Why Running and Philosophy?

I guess this post best explains my method of analysis here, what it means to connect running and philosophy.

Philosophy: I have a Ph.D. in philosophy from Vanderbilt University. My primary interests philosophically are in philosophy of education, social and political philosophy, and ethics. The professional practice of philosophy is somewhat obsessed with categorizing philosophy into types, genres, and disciplines. But the philosophy I love and try to practice is less interested in intellectual turf wars and more interested with the lasting and ever-changing problems of human life. What's the good life? How can we identify and creatively solve social problems? What's the form and function of human intelligence? I guess I'm old fashioned because I see philosophy as a practice of wisdom.

Running: I've been running a long time. Along the way I've met some tremendous people, had some great experiences, gotten faster and slower. I've coached high school runners and individuals, and I've run competitively on teams in high school, college, and as an individual on the roads and trails.

I started this blog in part as a way of resisting an academic mode of philosophy that is aimed at just a few college professors. I wanted to challenge myself to make the ideas that I'd been encountering relevant to my own life and to be able to articulate them in ordinary language for ordinary people. All runners deal with philosophy, whether it be training philosophy, racing philosophy, or the more basic questions like how does running fit with my own philosophy? And what does the fact that I run say about my philosophy of living? We've all got answers to these questions, though they rarely are articulated and mostly stay at the level of intuition or vision.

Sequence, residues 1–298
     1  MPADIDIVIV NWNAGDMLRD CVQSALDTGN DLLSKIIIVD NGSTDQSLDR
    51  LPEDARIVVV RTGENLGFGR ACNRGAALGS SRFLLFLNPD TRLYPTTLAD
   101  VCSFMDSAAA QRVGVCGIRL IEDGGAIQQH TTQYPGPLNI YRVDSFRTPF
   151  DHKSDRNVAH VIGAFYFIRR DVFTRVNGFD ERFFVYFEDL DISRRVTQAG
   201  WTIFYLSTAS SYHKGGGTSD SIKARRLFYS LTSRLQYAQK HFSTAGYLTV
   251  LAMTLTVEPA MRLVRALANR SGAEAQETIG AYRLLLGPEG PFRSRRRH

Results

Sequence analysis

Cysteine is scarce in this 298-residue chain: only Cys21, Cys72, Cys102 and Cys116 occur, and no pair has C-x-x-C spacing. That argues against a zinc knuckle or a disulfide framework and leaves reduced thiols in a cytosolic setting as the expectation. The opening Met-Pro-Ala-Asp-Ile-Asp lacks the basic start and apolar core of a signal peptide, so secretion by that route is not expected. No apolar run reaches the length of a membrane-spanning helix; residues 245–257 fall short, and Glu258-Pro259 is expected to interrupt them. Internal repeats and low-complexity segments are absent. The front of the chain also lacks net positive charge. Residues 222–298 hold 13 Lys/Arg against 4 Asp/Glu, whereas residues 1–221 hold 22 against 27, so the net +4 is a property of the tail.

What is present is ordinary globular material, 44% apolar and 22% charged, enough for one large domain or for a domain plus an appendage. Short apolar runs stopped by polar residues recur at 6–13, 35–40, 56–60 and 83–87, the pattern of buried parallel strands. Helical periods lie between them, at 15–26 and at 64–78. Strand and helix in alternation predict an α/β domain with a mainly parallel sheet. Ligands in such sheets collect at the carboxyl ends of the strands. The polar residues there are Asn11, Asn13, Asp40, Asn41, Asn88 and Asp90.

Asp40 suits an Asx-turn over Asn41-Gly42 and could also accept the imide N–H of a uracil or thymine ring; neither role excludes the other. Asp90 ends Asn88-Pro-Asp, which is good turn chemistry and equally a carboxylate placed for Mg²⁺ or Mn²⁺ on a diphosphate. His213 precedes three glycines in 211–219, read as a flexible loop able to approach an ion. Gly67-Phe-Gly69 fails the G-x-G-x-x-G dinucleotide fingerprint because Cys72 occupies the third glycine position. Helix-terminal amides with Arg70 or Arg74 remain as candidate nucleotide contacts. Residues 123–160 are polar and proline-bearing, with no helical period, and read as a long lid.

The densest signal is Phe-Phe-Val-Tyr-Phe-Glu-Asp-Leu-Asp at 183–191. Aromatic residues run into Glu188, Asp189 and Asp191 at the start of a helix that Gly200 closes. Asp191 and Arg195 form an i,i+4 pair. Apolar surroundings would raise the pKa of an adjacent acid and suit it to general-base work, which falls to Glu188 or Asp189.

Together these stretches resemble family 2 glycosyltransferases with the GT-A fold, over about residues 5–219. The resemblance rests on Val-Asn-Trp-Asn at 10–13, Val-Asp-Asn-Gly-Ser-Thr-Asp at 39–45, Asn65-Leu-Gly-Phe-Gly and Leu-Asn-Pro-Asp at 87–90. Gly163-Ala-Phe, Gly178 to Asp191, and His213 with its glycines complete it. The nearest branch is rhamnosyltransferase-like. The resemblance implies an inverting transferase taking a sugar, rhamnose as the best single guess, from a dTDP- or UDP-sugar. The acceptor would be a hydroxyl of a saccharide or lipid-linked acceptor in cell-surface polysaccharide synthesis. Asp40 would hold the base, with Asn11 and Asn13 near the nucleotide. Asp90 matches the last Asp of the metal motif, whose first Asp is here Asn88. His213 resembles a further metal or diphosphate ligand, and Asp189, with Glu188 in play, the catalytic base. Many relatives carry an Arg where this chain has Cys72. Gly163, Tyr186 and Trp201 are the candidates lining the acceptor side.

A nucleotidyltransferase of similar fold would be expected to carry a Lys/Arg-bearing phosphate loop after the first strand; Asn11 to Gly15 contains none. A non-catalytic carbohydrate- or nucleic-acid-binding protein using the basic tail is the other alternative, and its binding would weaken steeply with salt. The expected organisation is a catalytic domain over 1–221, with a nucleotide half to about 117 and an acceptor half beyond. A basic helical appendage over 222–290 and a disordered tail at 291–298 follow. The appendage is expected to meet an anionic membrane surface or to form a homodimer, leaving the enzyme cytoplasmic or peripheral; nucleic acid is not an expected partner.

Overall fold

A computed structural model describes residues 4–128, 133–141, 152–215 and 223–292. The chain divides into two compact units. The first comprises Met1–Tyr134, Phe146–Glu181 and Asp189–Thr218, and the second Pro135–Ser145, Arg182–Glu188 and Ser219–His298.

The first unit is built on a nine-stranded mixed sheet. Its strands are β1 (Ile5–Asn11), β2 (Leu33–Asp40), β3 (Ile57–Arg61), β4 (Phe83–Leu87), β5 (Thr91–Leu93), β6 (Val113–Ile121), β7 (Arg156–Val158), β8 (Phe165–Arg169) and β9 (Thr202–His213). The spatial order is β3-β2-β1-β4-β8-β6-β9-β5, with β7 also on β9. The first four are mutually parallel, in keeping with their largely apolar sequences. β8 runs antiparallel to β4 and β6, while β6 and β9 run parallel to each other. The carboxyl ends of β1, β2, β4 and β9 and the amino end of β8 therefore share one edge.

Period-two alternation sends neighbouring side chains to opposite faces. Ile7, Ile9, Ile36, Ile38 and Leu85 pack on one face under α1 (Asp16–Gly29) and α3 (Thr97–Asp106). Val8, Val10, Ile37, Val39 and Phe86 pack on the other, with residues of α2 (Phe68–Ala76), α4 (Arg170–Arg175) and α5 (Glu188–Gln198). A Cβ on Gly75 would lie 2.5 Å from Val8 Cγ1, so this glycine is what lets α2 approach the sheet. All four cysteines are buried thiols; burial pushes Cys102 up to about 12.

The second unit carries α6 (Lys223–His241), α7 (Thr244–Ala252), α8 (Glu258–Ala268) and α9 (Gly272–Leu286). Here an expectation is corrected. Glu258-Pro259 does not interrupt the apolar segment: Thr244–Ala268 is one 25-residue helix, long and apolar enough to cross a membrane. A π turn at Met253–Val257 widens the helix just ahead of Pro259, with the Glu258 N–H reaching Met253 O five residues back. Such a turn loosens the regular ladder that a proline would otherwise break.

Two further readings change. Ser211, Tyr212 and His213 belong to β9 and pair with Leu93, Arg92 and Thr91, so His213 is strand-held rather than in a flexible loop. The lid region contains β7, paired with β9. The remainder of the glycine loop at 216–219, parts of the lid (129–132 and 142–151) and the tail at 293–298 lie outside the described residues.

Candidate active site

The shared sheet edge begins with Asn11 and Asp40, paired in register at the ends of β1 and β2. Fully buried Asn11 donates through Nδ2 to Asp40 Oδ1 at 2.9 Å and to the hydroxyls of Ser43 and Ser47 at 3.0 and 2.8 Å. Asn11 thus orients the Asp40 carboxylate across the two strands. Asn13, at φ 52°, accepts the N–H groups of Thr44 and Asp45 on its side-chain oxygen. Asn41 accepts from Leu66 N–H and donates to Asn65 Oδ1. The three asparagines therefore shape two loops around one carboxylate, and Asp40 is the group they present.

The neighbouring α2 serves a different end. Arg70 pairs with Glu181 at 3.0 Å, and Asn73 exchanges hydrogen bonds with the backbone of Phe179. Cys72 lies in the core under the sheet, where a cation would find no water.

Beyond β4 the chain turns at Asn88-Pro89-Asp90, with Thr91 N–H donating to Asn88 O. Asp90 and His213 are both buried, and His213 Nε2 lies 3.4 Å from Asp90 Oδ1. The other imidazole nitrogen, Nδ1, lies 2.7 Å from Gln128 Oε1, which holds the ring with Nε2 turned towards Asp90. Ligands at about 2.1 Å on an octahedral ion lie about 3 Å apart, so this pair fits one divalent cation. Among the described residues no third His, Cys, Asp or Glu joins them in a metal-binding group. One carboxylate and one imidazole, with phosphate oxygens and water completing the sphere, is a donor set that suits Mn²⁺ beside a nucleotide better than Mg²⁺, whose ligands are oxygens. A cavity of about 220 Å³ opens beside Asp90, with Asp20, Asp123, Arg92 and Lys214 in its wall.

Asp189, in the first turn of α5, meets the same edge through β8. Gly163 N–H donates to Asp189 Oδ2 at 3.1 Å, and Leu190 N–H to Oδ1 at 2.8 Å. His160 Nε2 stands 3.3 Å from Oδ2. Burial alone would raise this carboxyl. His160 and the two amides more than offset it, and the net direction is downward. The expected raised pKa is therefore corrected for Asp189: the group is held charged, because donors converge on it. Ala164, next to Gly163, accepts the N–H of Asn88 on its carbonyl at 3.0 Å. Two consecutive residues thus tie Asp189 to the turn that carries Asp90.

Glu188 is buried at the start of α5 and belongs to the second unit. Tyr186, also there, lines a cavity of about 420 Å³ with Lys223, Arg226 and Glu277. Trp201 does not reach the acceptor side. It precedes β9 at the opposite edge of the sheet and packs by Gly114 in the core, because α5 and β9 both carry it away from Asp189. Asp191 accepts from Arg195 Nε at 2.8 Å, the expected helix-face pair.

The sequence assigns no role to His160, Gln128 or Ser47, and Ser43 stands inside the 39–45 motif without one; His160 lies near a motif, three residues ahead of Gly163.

If you are like me, one of the reasons you really like to run is that it gets ideas firing. Running and philosophy are a natural fit. One of the greatest things about being a runner is that the activity creates this sort of unique space of intellectual freedom. A mind moves when the body does. So, not only do we philosophize about running, running in a weird way produces philosophy.

I believe that people have a hunger for philosophy, but get turned off by its intellectualism, its snobbery, and its bookishness. I guess I see blogging as a possible antidote to those things (though I imagine I will fall into those traps at times!) My hope is that I can write something here that shakes loose a thought of your own, gives you something to chew on at work or on the next run.

Thanks for reading and commenting!

If you would like to contact me, you can email me at logicoflongdistance@gmail.com.

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